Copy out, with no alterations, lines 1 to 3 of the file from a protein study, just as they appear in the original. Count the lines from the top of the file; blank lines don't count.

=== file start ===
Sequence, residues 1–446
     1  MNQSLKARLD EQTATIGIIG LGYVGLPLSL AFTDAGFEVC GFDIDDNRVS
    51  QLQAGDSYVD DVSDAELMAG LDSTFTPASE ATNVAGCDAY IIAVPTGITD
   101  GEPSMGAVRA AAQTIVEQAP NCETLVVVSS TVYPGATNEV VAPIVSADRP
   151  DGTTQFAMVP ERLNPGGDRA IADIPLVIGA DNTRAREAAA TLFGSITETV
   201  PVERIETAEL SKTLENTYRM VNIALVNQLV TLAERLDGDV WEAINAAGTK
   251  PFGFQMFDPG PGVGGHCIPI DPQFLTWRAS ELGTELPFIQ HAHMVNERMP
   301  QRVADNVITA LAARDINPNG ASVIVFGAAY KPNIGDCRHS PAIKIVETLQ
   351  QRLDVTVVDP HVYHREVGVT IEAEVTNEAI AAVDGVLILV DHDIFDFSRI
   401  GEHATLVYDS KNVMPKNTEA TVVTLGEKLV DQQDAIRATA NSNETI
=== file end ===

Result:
Sequence, residues 1–446
     1  MNQSLKARLD EQTATIGIIG LGYVGLPLSL AFTDAGFEVC GFDIDDNRVS
    51  QLQAGDSYVD DVSDAELMAG LDSTFTPASE ATNVAGCDAY IIAVPTGITD